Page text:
21 – Mar – 2024

Looming Challenge: Feeding the World Amidst Farmland Scarcity

The much-anticipated Ag Census, which was released by the U.S. Department of Agriculture in February, contained a statistic at the top of the very first table that likely caught the eye of most farmland investors. Total land in farms in 2022 fell to 880.1 million acres, down from 900.2 million acres in the last Census […]

The much-anticipated Ag Census, which was released by the U.S. Department of Agriculture in February, contained a statistic at the top of the very first table that likely caught the eye of most farmland investors.

Total land in farms in 2022 fell to 880.1 million acres, down from 900.2 million acres in the last Census taken five years earlier. For perspective, the loss of 20.1 million acres is an area larger than all the farmland in Indiana and is roughly the same size as the cropland harvested in Illinois, according to Census data.

It would be the equivalent to losing around 7.65 acres every minute since the 2017 study.

What’s more alarming, the area of farmland lost, and the rate of decline, were larger this Census than previous reports over the last 20 years, indicating that the problem is accelerating.

A closer examination shows that the bulk of acres lost over the last five years were in cropland rather than fallow ground, woodland, or pastureland, which underscores a major issue facing us all – feeding a growing global population with less and less productive land.

Dan Basse, a renowned economist and president of AgResource Company, highlighted this critical challenge facing the global agricultural sector in a speech he made just a few months before the USDA report was released.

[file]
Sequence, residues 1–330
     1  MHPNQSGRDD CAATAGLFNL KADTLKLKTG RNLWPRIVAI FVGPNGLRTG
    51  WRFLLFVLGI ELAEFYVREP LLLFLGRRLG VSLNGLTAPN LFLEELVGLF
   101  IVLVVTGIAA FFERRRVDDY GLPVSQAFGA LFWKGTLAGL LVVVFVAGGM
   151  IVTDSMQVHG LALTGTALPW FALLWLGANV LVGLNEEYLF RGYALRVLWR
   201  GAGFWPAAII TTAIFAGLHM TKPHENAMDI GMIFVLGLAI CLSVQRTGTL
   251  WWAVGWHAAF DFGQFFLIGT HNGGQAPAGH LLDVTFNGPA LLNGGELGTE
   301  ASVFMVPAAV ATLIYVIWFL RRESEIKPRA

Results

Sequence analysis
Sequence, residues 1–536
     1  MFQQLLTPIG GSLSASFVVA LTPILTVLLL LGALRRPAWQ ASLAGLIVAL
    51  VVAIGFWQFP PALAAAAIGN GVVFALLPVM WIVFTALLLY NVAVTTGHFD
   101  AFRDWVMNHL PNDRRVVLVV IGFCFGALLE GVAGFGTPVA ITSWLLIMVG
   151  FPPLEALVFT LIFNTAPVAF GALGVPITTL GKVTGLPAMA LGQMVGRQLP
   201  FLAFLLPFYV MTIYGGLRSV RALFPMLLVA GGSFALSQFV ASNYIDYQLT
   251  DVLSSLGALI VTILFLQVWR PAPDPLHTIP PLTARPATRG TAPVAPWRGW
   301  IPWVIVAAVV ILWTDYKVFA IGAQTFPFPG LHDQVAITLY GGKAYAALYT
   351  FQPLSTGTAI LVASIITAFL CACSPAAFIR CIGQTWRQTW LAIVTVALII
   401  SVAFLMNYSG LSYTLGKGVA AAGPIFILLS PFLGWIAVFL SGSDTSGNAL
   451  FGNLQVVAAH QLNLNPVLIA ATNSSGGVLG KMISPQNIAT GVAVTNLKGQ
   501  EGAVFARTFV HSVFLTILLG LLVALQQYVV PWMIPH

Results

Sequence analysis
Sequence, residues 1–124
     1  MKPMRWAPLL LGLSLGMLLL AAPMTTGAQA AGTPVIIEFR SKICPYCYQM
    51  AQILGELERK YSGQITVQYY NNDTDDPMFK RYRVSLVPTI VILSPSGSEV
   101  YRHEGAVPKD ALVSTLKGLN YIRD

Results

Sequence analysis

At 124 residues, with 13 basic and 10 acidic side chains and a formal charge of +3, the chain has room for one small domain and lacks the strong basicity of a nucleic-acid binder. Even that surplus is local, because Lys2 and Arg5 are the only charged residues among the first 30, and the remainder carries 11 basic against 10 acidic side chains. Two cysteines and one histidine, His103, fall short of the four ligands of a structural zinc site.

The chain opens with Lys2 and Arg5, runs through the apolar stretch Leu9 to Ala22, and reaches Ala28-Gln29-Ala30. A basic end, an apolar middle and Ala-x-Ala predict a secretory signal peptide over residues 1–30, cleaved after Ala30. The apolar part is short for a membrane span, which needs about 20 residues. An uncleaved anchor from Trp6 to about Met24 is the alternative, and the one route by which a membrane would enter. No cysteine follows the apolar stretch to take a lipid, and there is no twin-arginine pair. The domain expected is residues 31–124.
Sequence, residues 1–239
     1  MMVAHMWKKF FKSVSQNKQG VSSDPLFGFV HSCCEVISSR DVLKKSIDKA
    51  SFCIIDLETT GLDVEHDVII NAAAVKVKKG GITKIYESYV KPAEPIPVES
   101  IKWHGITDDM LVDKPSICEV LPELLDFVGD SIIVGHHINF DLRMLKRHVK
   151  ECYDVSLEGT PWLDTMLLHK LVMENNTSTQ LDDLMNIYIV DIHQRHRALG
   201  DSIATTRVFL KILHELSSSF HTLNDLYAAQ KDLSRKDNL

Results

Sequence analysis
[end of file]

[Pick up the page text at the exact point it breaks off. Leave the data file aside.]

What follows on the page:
Unless global grain production gets a big bump from yield increases, an additional 23 to 24 million acres of farmland will be needed in the next 5 years to meet food demand, he told the American Seed Trade Association.

“And remember, the modeling shows that somewhere between 2060 and 2065,” he explained, “the world runs out of [new] arable farmland.”

Once we reach “peak farmland,” when there’s no new acreage available to come online, Basse said humanity will face the daunting task of feeding an ever-expanding population with static land mass. This will require rapid advancements in technology, farm productivity, and farmland preservation.

The convergence of these factors creates a unique supply and demand scenario. It underscores the importance of farmland not only as a resource for food production but also as an attractive investment opportunity in a strategic asset in a world facing limited agricultural resources.

Green Street Advisory Group explored this topic in its June 2021 farmland investment primer.

The Green Street report underscores that while agriculture has seen significant innovation and productivity gains in the past decades, there have been no fundamental disruptions in how food is produced. Land remains the indispensable component of food production.

As population growth outstrips the expansion of farmable acres, the per capita availability of agricultural land is shrinking, intensifying the need for efficient and sustainable use of existing assets. And this attractive dynamic offers a unique combination of income stability and growth prospects for landowners through economic cycles, Green Street found.

The integration of USDA’s shocking agricultural land statistics, Basse’s projections, and the findings from the Green Street Advisory Group paints a clear picture: the importance of farmland is escalating in the face of global challenges.

As the world grapples with how to feed itself, the value of farmland – both as a means to produce food and as an investment asset – becomes increasingly evident. This scenario calls for strategic planning and investment, both to enhance agricultural productivity and to preserve and wisely manage the existing farmland.

In doing so, the global community can work towards ensuring food security for future generations while recognizing the intrinsic value of farmland in a world of limited resources.

Note: This article contains Forward Looking Statements.

FPI Insights
03 – Jan – 2024

Sometimes It Makes Sense to Sell the Farm

Farmland Partners has a rigorous underwriting process in place to evaluate potential purchases – one that considers soil quality, water availability, potential tenant pools, market access, the climate, and other variables. That’s because when we buy a farm, we do so with the intention of holding that property for the long haul, building a relationship […]
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